“9. Acquittal by a criminal court would not debar an employer from exercising the power to conduct departmental proceedings in accordance with the rules and regulations. The two proceedings, criminal and departmental, are entirely different. They operate in different fields and have different objectives. In the disciplinary proceedings, the question is whether the Respondent is guilty of such conduct as would merit his removal from service or a lesser punishment, as the case may be, whereas in the criminal proceedings, the question is whether the offences registered against him under the PC Act are established, and if established, what sentence should be imposed upon him. The standard of proof, the mode of inquiry and the rules governing inquiry and trial in both the cases are significantly distinct and different.”

The Court also held that:

“Having considered the submissions made on behalf of the Appellant and the Respondent No.1, we are of the view that interference with the order of dismissal by the High Court was unwarranted. It is settled law that the acquittal by a Criminal Court does not preclude a Departmental Inquiry against the delinquent officer. The disciplinary authority is not bound by the judgment of the Criminal Court if the evidence that is produced in the Departmental Inquiry is different from that produced during the criminal trial.

The object of a Departmental Inquiry is to find out whether the delinquent is guilty of misconduct under the conduct rules for the purpose of determining whether he should be continued in service. The standard of proof in a Departmental Inquiry is not strictly based on the rules of evidence. The order of dismissal which is based on the evidence before the Inquiry Officer in the disciplinary proceedings, which is different from the evidence available to the Criminal Court, is justified and needed no interference by the High Court.”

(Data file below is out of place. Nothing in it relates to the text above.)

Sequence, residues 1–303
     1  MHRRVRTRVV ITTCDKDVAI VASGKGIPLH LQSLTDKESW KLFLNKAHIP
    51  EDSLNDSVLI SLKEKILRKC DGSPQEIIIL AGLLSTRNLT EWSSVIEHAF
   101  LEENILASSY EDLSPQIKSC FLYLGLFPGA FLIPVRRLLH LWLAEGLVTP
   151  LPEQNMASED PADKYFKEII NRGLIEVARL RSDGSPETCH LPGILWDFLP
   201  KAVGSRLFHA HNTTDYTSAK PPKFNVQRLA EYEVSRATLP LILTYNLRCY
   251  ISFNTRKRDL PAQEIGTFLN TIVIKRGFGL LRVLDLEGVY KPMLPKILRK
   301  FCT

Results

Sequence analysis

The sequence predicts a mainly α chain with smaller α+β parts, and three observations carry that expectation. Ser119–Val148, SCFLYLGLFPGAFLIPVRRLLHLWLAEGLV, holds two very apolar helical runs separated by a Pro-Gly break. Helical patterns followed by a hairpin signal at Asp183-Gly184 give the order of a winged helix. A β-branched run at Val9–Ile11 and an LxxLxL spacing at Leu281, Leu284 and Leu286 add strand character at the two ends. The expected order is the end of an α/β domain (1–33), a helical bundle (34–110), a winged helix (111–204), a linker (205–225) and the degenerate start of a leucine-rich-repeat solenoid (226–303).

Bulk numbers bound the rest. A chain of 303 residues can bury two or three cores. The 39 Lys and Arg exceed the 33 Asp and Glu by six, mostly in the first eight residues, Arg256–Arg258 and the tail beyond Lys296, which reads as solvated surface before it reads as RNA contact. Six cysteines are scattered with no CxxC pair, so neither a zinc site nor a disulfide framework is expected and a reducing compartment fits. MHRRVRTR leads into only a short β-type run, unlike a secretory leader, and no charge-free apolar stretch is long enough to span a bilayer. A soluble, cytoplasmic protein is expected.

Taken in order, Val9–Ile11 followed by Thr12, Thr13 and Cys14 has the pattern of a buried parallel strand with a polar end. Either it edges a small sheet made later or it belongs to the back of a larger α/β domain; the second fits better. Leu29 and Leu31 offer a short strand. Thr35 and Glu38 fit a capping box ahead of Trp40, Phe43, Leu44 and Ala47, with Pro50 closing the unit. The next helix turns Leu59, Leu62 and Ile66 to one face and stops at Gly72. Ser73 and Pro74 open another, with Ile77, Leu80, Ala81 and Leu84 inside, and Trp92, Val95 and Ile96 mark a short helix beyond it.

17 In the exercise of judicial review, the Court does not act as an appellate forum over the findings of the disciplinary authority. The court does not re-appreciate the evidence on the basis of which the finding of misconduct has been arrived at in the course of a disciplinary enquiry. The Court in the exercise of judicial review must restrict its review to determine whether: (i) the rules of natural justice have been complied with; (ii) the finding of misconduct is based on some evidence; (iii) the statutory rules governing the conduct of the disciplinary enquiry have been observed; and (iv) whether the findings of the disciplinary authority suffer from perversity; and (vi) the penalty is disproportionate to the proven misconduct.11 However, none of the above tests for attracting the interference of the High Court were attracted in the present case.

The Karnataka Administrative Tribunal having exercised the power of judicial review found no reason to interfere with the award of punishment of compulsory retirement. The Division Bench of the High Court exceeded its jurisdiction under Article 226 and trenched upon a domain which falls within the disciplinary jurisdiction of the employer. The enquiry was conducted in accordance with the principles of natural justice. The findings of the inquiry officer and the disciplinary authority are sustainable with reference to the evidence which was adduced during the enquiry. The acquittal of the respondent in the course of the criminal trial did not impinge upon the authority of the disciplinary authority or the finding of misconduct in the disciplinary proceeding.

18 For these reasons, we allow the appeals and set aside the impugned judgment and order of the High Court of Karnataka at the Kalaburagi Bench dated 29 November 2017 in Writ Petition Nos. 202250-251/2016 (S-KAT). The Petition instituted by the respondent under Article 226 of the Constitution shall stand dismissed. The finding of misconduct and the punishment of compulsory retirement are restored.

19 There shall be no order as to costs.

20 Pending application(s), if any, stand disposed of.

……………………………………………..J [Dr Dhananjaya Y Chandrachud]

……………………………………………..J [Surya Kant]

New Delhi;

March 22, 2022

1 “1957 Rules”

2 AIR 2006 SC 1800

3 1977 (1) SCR 750

4 (2013) 14 SCC 153

5 (1977) 2 SCC 491

6 (1966) 6 SCC 417

7 (2004) 8 SCC 200

8 (2005) 7 SCC 764

9 (2017) 4 SCC 507

10 (2009) 12 SCC 78

11 State of Karnataka v. N. Gangaraj, (2020) 3 SCC 423; Union of India v. G. Ganayutham (1997) 7 SCC 463; B.C. Chaturvedi v. Union of India, (1995) 6 SCC 749; R.S. Saini v State of Punjab (1999) 8 SCC 90; and CISF v Abrar Ali (2017) 4 SCC 507.